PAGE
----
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[liberationtech] Secure Your Domain - Where Is Safe to Register a Domain Name? - Gun.io

Bill Woodcock woody at pch.net
Thu May 10 09:30:58 PDT 2012


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On May 10, 2012, at 9:04 AM, liberationtech at lewman.us wrote:
> A more thorough answer would involve the cross-section of MLATs,
> Military assistance treaties, and global copyright agreements.

Yes, exactly…  Basically, diplomacy involves a lot of trading unrelated interests off against each other…  Domain takedowns exchanged for food aid, or loan guarantees, or a partial relaxation of trade tariffs, or whatever.  So the more active the diplomacy between two countries, and the greater the imbalance of power between them, the less you want to hang your hat on the stability of domain names in the weaker one.

> For example, if you wanted to start a cool new file sharing site, base
> it in Iran, Iraq, Cuba, Libya, Syria, Belarus, Zimbabwe, or Burma.

Actually, I'd strongly disagree with that, for two reasons.  First, rule of law corresponds strongly with stability of the DNS…  In  a country with weak rule of law, high corruption, high volatility, you're likely to have an arbitrary takedown based on completely other issues:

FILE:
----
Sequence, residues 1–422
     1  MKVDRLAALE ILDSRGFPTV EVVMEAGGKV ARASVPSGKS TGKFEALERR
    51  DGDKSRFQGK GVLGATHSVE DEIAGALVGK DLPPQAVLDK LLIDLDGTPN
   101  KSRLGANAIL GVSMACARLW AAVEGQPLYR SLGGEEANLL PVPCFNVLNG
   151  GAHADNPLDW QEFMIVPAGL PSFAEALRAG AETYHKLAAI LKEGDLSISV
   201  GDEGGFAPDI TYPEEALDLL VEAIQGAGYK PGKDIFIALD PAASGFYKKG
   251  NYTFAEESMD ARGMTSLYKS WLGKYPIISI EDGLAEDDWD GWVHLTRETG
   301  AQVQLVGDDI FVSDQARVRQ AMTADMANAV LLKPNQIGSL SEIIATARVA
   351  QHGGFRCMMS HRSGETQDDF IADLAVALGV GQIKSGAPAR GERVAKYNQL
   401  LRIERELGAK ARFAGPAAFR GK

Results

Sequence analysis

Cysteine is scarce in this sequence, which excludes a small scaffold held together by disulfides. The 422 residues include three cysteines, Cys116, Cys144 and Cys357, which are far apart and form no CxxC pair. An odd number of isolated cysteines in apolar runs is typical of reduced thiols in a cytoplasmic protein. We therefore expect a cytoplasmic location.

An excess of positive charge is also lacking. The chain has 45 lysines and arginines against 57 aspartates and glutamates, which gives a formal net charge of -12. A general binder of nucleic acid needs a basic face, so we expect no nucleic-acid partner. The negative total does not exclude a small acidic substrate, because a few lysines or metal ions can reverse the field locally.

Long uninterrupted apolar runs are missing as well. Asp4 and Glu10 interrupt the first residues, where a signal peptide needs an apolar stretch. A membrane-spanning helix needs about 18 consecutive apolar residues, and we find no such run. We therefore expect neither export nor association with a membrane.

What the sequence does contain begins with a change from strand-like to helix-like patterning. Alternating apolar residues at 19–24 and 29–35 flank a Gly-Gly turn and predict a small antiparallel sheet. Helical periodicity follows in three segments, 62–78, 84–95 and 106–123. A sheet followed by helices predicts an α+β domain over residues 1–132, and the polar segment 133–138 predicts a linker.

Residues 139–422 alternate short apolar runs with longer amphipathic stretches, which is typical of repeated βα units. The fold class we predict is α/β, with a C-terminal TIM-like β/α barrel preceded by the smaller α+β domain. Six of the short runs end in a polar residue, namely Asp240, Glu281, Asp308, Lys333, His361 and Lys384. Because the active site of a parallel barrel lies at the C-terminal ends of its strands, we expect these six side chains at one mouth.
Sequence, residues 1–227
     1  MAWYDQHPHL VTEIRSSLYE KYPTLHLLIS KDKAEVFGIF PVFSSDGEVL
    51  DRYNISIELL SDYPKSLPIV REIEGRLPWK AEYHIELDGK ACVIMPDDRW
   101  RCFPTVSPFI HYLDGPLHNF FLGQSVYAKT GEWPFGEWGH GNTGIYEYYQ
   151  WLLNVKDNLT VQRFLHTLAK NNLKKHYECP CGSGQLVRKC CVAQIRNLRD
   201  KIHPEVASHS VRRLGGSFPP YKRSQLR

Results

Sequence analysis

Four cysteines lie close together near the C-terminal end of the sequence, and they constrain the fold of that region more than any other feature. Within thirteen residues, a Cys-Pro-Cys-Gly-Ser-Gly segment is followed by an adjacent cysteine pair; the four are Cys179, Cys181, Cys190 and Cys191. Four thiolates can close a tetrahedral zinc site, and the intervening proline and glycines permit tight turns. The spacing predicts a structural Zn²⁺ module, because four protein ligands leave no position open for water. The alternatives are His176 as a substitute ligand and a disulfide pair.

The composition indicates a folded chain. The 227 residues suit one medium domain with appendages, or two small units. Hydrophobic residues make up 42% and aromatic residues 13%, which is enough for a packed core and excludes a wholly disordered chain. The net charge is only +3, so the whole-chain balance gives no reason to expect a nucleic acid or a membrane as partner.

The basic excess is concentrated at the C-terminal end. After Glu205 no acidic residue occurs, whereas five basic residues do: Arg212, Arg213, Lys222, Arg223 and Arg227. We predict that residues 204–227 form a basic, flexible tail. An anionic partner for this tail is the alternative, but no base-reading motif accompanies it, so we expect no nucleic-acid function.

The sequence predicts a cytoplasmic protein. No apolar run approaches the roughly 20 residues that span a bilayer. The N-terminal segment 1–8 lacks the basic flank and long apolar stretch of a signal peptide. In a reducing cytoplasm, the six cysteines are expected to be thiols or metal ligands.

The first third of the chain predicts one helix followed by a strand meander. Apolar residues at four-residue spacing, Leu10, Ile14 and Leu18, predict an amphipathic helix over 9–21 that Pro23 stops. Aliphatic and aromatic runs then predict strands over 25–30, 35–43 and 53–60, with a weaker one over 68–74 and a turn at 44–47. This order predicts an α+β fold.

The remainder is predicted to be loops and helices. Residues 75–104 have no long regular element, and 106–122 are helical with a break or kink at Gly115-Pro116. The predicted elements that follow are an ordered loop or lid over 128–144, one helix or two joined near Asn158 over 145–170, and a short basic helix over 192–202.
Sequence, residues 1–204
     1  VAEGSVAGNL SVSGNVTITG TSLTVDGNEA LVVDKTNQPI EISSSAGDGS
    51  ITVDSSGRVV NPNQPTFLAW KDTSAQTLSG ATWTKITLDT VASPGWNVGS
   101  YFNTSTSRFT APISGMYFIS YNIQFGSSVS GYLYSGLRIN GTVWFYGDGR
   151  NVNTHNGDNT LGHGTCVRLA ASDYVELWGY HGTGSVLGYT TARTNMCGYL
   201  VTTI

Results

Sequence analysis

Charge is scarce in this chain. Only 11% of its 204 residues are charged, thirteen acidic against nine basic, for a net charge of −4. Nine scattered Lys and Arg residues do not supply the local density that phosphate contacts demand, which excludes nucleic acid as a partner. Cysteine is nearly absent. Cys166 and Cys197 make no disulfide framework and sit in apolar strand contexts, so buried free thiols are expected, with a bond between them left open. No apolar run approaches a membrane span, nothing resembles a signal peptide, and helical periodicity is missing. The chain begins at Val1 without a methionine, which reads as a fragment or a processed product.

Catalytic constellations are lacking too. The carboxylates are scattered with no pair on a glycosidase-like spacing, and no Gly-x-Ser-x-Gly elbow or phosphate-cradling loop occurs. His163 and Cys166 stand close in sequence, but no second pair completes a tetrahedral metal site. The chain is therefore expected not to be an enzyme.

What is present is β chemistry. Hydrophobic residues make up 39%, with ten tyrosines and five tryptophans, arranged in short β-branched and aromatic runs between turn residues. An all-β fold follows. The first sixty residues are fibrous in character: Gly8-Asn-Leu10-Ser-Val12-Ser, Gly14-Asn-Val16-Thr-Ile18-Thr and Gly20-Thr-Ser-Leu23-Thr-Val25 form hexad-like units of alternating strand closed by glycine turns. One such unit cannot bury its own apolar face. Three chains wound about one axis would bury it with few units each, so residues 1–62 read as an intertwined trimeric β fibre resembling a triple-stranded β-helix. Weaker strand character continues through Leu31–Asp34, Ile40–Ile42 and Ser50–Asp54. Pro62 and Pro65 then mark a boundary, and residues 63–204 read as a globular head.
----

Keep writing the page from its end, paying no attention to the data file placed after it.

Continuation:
http://www.neowin.net/news/nicly-down-as-libyas-response-to-vbly-takedown-spreads

Moreover, registering domains in such countries is often a matter of walking into the communications ministry, cash in hand, and showing your citizenship papers or domestic incorporation papers.

The second reason is in countries with volatile politics, like all of those you cited, things can change very quickly.  I just spent the last four days in Tripoli, and things are very different there now than they were a year ago, and they'll be still more different a year from now.  They're both becoming more religious, more political, and more aligned with and dependent upon their relationship with the U.S. government.  Make no mistake, it's an infinitely better place to live now than it was a year ago, and in general terms of "Internet freedoms" it's much better now and on a very good trajectory.  I just wouldn't count on it being friendly to interests to which the USG is hostile; that time is past.

And the same thing could happen in any of the other countries you cite, very quickly, if the political winds swing another direction.

In Switzerland, that's unlikely to happen.  On the contrary, they've been strengthening their laws protecting domains against _private sector_ takedowns.

                                -Bill




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